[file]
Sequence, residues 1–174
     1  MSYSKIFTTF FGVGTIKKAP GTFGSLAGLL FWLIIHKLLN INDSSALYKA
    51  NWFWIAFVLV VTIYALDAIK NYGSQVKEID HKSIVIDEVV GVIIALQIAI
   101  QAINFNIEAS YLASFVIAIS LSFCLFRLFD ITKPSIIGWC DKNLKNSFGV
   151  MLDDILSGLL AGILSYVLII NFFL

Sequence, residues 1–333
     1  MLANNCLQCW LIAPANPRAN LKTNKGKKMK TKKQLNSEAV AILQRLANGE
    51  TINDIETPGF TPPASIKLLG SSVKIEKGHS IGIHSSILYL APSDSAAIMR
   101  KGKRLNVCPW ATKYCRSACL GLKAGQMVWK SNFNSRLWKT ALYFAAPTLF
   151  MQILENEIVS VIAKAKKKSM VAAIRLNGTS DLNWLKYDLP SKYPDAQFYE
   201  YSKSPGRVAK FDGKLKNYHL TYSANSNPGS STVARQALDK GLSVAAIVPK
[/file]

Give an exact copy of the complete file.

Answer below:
Sequence, residues 1–174
     1  MSYSKIFTTF FGVGTIKKAP GTFGSLAGLL FWLIIHKLLN INDSSALYKA
    51  NWFWIAFVLV VTIYALDAIK NYGSQVKEID HKSIVIDEVV GVIIALQIAI
   101  QAINFNIEAS YLASFVIAIS LSFCLFRLFD ITKPSIIGWC DKNLKNSFGV
   151  MLDDILSGLL AGILSYVLII NFFL

Sequence, residues 1–333
     1  MLANNCLQCW LIAPANPRAN LKTNKGKKMK TKKQLNSEAV AILQRLANGE
    51  TINDIETPGF TPPASIKLLG SSVKIEKGHS IGIHSSILYL APSDSAAIMR
   101  KGKRLNVCPW ATKYCRSACL GLKAGQMVWK SNFNSRLWKT ALYFAAPTLF
   151  MQILENEIVS VIAKAKKKSM VAAIRLNGTS DLNWLKYDLP SKYPDAQFYE
   201  YSKSPGRVAK FDGKLKNYHL TYSANSNPGS STVARQALDK GLSVAAIVPK